On Monday, March 26, the University of Maine hosted a presentation on the hypocrisy and the rationalization of mass casualty violence in Dunn Hall. The presenter was Karyn Sporer, a professor of the sociology department at the university.
Sporer’s current research focuses on violent extremism and justifications for mass casualty violence. The research is in collaboration with the University of Nebraska and is funded by various institutions including the Department of Homeland Security.
In her presentation, Sporer took a look at recent terrorist attacks such as the shooting at the Pulse nightclub in Orlando, the Boston Marathon bombing, the attack in Nice, France and a few more. Her presentation mainly focused on the hypocrisy surrounding those events as well as the impact the internet has had on terrorism around the globe.
“The Internet has inadvertently aided violent extremist organizations because of inherent characteristics with anonymity, instant access to worldwide audience, limited regulation,” Sporer said. “A real quick rapid flow of information. With just a quick click of a button, you can send propaganda across the world in any language you want.”
Sporer spoke on what exactly terrorist organizations are teaching people over the internet, saying, “They’re sharing ideological messages, propaganda, various training modules. It’s not just learning how to create a bomb in your mom’s kitchen, but also learning how to make your phone more private, like hiding your IP address.”
One of the more common platforms used by terrorist groups and terrorist sympathizers is Twitter. Since the number of tweets from accounts linked to terrorist groups spikes within the first 24 hours of an attack, Sporer wanted to see what the content of those tweets was.
Looking at multiple tweets, Sporer found some consistent themes. One of those themes is the idea of there being a “God-sanctioned war.” Sporer went on to explain, saying, “For many of the members of the Islamic State and those who have been radicalized, this is a God-sanctioned war. They are going to inevitably win. They are appealing to this higher loyalty.”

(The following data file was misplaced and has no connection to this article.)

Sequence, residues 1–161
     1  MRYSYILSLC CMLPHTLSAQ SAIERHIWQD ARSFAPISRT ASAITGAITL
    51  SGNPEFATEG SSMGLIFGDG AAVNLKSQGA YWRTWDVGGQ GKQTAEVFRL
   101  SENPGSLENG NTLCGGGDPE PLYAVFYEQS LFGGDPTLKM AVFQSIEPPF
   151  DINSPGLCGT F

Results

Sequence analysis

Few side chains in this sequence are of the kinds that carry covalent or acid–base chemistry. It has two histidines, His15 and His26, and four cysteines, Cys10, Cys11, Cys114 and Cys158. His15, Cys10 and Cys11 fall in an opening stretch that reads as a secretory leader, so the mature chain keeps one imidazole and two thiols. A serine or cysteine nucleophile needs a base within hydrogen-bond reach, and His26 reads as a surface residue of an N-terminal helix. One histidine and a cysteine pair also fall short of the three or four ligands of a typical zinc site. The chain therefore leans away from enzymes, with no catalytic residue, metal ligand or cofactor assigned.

She continued, “Even though they just killed 80 civilians or concert-goers, it’s just part of the deal. They are actually going to be rewarded with martyrdom because they sacrificed their life.”
The next theme Sporer spoke about was the idea of retaliation, saying, “There’s an emerging theme that the attacks themselves were simply retaliation to the coalition forces,” Sporer continued, “There’s counter-terrorist strategies like drone strikes. Their response to being attacked in the Middle East was predictable.”
The last theme that Sporer mentioned was the idea of hypocrisy.
“Muslim hypocrites, unsympathetic, hypocrisy, and condemnation is really this idea that the West, Europe, but really, in America, no one really cares what’s happening in the Middle East, so how dare us judge them for fighting back,” Sporer said.
“There’s a sense that no one is really paying attention to mass civilian casualties in the Middle East, especially with our drone strikes, with what Assad has been doing, not just here in Iraq, but North Africa. They have really focused in on this idea of hypocrisy,” Sporer continued.
Overall, Sporer broke the theme of her talk into four sub-themes, where she touched upon the silence of Westerners on civilian casualties in the Middle East, anger and animosity, distinctions between who is and who is not a Muslim, and the idea that Westerners do not think of their lives as being equal to one another.